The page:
“It was a blessing and an opportunity”, says Amy Tan about her shift from business (serving as an engineer) to talent. Now a leadership coach working with global teams, she stresses on the need for good values and the right mindset besides skills when it comes to building better leaders who would in turn build better teams. As organizations are becoming leaner, it might mean the rise of a shrinking workforce but a more skilled one.
As such, she said that the organization that thrives in this VUCA (Volatile, Uncertain, Complex, Ambiguous) environment would be the one which has keen foresight of the skills needed in the future of work and embraces these foreseen changes by providing human capital opportunities to grow and be developed.
Developing leaders to meet the present and future needs of the organization comes with its own set of challenges. Best-selling author and executive leadership coach Marshall Goldsmith says there are some leaders who just can’t be helped to greatness.
“With that”, she says, “We don’t force development or coaching upon leaders who at that present time are 'un-coachable'. That would mean that they have closed their minds and heart to development for whatever reasons, like finding themselves perfect in their current job and thus not needing development.”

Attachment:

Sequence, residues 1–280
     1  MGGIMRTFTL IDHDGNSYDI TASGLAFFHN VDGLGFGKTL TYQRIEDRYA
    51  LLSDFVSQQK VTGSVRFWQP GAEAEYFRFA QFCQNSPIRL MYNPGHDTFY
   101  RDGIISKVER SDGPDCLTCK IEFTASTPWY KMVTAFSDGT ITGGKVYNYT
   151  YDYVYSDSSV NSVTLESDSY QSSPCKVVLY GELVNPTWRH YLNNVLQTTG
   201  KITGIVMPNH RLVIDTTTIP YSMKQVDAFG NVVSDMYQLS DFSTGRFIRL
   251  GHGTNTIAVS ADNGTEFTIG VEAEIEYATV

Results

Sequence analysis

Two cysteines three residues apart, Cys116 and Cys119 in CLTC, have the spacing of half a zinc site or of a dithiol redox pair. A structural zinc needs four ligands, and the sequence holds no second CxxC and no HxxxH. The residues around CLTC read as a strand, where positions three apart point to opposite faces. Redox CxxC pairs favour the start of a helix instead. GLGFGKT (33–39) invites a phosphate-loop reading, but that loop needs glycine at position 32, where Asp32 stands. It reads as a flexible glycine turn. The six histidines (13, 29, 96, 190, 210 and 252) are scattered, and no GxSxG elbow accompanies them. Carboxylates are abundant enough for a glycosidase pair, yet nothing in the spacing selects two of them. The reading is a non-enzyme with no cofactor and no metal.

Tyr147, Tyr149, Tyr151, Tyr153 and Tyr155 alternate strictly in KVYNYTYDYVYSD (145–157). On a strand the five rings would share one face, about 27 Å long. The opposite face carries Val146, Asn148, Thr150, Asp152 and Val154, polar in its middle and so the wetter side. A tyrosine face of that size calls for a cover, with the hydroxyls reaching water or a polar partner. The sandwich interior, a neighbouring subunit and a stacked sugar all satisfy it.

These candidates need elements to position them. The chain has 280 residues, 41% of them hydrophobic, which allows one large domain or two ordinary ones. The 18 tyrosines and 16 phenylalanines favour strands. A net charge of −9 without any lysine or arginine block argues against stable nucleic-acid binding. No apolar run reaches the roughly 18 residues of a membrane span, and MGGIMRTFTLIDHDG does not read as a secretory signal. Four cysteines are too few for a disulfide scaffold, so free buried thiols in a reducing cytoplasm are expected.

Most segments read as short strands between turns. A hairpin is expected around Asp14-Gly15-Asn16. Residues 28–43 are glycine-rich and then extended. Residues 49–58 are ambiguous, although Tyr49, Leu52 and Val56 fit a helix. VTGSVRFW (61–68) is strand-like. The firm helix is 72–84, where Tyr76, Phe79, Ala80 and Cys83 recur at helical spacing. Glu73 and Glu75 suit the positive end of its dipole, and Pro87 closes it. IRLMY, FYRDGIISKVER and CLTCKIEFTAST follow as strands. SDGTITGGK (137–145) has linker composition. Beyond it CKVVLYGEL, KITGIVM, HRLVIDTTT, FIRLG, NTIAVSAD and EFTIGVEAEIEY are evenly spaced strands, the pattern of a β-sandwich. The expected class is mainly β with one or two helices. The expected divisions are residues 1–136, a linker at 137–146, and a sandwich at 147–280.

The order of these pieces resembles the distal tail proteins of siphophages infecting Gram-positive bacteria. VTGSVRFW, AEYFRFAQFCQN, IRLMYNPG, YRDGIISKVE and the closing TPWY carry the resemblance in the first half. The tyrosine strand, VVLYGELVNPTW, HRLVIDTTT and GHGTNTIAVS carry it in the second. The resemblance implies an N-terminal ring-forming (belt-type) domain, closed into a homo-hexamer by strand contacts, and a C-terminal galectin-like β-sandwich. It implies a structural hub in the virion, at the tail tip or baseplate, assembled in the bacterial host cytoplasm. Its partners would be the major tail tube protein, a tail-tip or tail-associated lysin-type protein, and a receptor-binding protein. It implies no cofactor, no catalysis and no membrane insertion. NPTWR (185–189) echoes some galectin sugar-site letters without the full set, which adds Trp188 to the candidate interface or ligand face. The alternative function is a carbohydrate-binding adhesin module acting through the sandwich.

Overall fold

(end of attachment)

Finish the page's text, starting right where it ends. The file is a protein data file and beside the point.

She added that, “We give this group of people space and time and will revisit their interest in different seasons of their life. People do go through different seasons in their life journey. Each season brings different peaks and troughs that can shape or break us and hopefully each experience brings about greater self-awareness and a different light to development.”
Leaders for tomorrow
It is interesting to map out the patterns and trends seen in leaders across the world especially today, given that we live in a world that is über-connected and every change or disruption has the power to create ripples across the globe. With organizations getting flatter, collaboration is needed for any organization that wants to thrive.
The future of work would demand for leaders who have the ability to adapt and the willingness to evolve. The changing landscape warrants a changed leader. There is a lot of talk around top-down versus facilitative types of leadership. Amy believes that it is not either-or but rather that both are mutually inclusive. She mentioned that the culture in Asia is still very much top-down, though it is slowly changing. Previously, great leaders were associated with higher power, self-achievement and self-capability. In this new era of rapid change and disruption, more organizations are espousing collaboration and influence and actively crowdsourcing for wisdom and information to draw in the best ideas that are out there. Organizations are increasingly looking out for leaders who are successful in execution and have the ability to evoke greater success as a team. She said that this also increases a sense of ownership that drives accountability and engagement amongst employees.
Amy believes that, “the success of a leader is in his/her team, the ability to unleash the potential of the team and bring the whole team along towards success.”